Report urges defense to help with domestic technologies

The Defense Department should help the Homeland Security Department develop technologies to fight disasters or terrorism, the National Academies of Science National Research Council said in a report released Thursday.

"Many of the needs of emergency-response personnel could be addressed by technologies developed by the Army and other military services, so [Homeland Security] and [Defense] should partner to answer these needs," committee Chairman John Lyons said in a statement. Lyons is a retired director of the Army Research Laboratory in Adelphi, Md. The report identifies the Army as the service with the most experience in providing support to civilian authorities.

The report, which is based on analysis from March, praised the Bush administration's efforts on homeland security but criticized its lack of planning.

"The paradigm for conducting the overseas 'homeland defense' phase of this war [on terrorism] is well understood," the report said. "However, at home the situation is much different. As of this writing ... no coherent planning paradigm or operational model for homeland security yet exists."

The report added that although a "national operational concept" for emergency response is being developed, no fully approved comprehensive framework exists to pull together the efforts of federal, state and local responders. "While much has been done in homeland security, there is much more to accomplish," it said.

The academy specifically highlights the military's strength in command, control, communications, computers, intelligence, surveillance and reconnaissance, or so-called C4ISR. "The committee believes that C4ISR is a high-payoff capability that offers great return on investment for the nation," it said, while acknowledging that other conclusions could be reached with more analysis.

The committee recommends that the Army, coordinating with Defense, work with Homeland Security to create a process for collaboration and sharing between the Army and Homeland Security. The panel also recommended assisting Homeland Security in establishing the research, development, testing and evaluation infrastructure to support emergency responders.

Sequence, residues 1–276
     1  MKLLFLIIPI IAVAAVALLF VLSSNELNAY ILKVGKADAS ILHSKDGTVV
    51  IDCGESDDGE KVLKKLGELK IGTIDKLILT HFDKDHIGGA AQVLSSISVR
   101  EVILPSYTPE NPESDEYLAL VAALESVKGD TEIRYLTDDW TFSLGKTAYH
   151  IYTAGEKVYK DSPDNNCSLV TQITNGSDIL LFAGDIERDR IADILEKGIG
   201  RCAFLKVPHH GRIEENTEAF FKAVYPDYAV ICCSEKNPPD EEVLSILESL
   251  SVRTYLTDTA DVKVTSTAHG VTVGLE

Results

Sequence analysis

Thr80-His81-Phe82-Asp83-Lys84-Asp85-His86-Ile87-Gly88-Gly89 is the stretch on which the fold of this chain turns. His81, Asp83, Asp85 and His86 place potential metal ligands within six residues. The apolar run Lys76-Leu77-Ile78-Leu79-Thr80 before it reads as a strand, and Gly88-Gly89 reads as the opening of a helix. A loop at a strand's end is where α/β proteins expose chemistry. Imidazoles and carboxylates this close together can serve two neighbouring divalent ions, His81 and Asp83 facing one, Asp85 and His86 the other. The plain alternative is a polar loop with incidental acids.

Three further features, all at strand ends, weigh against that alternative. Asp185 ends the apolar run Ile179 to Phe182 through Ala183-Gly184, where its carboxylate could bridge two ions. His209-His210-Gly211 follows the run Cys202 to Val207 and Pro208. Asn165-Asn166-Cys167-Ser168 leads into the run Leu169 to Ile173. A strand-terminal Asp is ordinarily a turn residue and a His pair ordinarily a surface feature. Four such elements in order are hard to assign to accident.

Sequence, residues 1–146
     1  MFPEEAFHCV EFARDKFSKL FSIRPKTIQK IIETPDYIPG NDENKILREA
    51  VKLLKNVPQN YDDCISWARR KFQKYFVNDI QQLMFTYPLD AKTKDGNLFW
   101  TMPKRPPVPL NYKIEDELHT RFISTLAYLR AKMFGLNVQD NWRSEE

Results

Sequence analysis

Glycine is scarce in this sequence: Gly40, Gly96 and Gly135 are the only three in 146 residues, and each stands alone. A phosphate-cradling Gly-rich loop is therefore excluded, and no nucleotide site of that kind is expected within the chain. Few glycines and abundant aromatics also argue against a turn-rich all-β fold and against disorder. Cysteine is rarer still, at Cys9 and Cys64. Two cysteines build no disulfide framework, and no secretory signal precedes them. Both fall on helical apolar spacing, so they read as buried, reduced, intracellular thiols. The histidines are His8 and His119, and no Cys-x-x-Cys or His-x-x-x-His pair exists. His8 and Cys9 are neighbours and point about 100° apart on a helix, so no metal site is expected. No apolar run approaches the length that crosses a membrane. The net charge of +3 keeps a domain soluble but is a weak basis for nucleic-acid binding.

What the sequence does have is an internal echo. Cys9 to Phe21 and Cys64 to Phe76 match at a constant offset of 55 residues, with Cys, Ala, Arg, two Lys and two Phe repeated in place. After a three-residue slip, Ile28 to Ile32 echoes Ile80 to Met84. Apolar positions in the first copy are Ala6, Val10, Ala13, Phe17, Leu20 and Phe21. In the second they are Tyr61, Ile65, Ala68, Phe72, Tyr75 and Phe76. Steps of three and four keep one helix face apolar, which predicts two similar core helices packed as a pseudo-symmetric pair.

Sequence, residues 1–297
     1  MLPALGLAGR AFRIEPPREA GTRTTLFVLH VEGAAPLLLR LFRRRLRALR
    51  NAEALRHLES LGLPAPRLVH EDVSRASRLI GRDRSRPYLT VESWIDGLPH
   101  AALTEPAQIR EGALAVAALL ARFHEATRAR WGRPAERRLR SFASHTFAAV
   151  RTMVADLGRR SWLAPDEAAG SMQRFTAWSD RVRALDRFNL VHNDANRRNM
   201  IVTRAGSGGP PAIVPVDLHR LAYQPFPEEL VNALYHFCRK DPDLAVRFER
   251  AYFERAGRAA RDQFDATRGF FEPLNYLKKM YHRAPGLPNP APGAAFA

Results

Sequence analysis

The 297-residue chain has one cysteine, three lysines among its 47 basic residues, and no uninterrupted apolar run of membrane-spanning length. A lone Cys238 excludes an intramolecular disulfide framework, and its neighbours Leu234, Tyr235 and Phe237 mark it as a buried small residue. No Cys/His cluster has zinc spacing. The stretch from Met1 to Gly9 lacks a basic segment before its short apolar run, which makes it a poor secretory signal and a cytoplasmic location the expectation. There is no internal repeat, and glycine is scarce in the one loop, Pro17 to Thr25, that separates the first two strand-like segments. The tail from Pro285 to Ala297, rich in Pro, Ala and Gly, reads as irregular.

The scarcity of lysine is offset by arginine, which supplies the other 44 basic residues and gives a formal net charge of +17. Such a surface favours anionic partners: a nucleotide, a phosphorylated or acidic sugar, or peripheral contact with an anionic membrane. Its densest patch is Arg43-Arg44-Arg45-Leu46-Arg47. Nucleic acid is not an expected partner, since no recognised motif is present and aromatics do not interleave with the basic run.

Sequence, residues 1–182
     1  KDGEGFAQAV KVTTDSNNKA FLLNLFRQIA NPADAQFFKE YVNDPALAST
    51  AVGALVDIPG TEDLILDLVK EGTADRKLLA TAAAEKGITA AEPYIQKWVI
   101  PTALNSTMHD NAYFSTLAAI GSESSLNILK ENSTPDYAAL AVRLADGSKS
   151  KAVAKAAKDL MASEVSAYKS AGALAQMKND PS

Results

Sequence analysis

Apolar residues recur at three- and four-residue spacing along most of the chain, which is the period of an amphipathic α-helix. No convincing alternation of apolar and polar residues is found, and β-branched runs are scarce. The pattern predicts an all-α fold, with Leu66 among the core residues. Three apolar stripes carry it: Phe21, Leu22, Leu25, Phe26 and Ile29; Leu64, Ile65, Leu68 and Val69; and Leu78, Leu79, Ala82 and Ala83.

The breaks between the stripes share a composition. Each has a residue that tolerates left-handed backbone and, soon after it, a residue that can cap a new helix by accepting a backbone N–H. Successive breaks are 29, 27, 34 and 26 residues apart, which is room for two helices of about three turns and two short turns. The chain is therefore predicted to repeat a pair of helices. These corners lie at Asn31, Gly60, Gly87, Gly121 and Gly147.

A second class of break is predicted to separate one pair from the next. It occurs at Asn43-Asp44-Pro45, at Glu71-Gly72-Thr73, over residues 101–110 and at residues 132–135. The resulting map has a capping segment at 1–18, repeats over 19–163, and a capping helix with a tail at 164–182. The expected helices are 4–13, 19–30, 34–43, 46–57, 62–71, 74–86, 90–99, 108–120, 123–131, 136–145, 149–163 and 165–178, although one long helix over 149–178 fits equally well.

The recommendation also calls for finding common areas of science and technology collaboration, with a focus on the development of architecture to enable the integration of the technologies into a system. And finally, the committee suggested establishing a process for joint operations, including training and exercises, shared standards, and systems that can communicate with each other.

The report highlights the different ways the Army and the emergency-responder community acquire technologies. Defense has a "very well-developed" model with formal procedures and management, while emergency responders go through local purchasing agents with varied or no formal procedures.

Defense "had the most experience in coming up with new technologies for security, so they're the logical place to start," said James Lewis of the Center for Strategic and International Studies. But he added that the department may not accept because of past public outcry about its research on a database technology known as Total Information Awareness, or TIA.

The department "will see the letters T, I, and A glowing in the sky in red," Lewis said.

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